Thermodynamic potential

Thermodynamic potential

A thermodynamic potential is a scalar potential function used to represent the thermodynamic state of a system. One main thermodynamic potential which has a physical interpretation is the internal energy, U. It is the energy of configuration of a given system of conservative forces (that is why it is a potential) and only has meaning with respect to a defined set of references (or data). Expressions for all other thermodynamic energy potentials are derivable via Legendre transforms from an expression for U. In thermodynamics, certain forces, such as gravity, are typically disregarded when formulating expressions for potentials. For example, while all the working fluid in a steam engine may have higher energy due to gravity while sitting on top of Mt. Everest than it would at the bottom of the Mariana trench, the gravitational potential energy term in the formula for the internal energy would usually be ignored because "changes" in gravitational potential within the engine during operation would be negligible. Five common thermodynamic energy potentials are [Alberty (2001) p1353] :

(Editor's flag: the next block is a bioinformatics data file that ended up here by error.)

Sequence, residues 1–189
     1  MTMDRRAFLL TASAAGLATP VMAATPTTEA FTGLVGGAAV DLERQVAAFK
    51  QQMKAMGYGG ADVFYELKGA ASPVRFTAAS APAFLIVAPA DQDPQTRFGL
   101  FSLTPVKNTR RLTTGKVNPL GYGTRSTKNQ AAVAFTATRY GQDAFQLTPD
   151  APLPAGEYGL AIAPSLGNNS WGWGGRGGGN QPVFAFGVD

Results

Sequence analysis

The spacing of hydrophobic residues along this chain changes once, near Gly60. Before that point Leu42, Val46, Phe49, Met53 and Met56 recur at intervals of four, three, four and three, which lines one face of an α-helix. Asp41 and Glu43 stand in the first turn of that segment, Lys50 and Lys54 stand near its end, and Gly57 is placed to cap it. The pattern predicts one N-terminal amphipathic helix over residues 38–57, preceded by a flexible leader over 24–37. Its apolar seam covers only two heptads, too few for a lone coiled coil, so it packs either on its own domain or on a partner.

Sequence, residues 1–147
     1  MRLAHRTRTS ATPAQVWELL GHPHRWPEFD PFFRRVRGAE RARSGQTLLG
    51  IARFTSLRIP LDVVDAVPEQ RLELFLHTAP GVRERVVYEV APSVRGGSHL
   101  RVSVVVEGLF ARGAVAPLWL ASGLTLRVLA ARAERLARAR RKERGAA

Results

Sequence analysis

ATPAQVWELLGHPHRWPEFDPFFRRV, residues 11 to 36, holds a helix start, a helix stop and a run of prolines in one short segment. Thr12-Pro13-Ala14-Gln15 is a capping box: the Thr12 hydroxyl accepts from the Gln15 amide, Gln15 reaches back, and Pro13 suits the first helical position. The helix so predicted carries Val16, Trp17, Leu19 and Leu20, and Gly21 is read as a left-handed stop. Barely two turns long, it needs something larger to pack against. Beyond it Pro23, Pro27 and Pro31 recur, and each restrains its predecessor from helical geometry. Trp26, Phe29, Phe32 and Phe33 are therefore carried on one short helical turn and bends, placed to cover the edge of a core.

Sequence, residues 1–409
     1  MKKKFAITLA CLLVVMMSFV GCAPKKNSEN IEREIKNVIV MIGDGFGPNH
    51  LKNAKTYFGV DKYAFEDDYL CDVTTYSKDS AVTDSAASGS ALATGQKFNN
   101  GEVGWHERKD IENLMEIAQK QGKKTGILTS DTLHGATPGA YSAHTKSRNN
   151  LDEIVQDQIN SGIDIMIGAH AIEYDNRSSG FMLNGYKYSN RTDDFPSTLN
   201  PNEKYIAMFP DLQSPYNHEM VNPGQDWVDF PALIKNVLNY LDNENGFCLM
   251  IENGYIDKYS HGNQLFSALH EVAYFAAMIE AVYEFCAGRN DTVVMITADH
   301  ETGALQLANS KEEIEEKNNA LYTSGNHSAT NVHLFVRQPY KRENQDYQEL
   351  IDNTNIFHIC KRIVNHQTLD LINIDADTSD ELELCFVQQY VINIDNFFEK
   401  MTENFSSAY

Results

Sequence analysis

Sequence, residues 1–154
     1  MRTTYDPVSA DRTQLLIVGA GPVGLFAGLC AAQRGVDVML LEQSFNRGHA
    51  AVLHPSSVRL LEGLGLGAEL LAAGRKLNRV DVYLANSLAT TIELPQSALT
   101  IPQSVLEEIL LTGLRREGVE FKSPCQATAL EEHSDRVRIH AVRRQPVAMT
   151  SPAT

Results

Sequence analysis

Note that the infinitesimals on the right hand side of each of the above equations are of the natural variables of the potential on the left hand side.Similar equations can be developed for all of the other thermodynamic potentials of the system. There will be one fundamental equation for each thermodynamic potential, resulting in a total of 2^D fundamental equations.

The equations of state

We can use the above equations to derive some differential definitions of some thermodynamic parameters. If we define Φ to stand for any of the thermodynamic potentials, then the above equations are of the form:

:mathrm{d}Phi=sum_i x_i,mathrm{d}y_i,

where x_i and y_i are conjugate pairs, and the y_i are the natural variables of the potential Phi. From the chain rule it follows that:

:x_j=left(frac{partial Phi}{partial y_j} ight)_{{y_{i e j}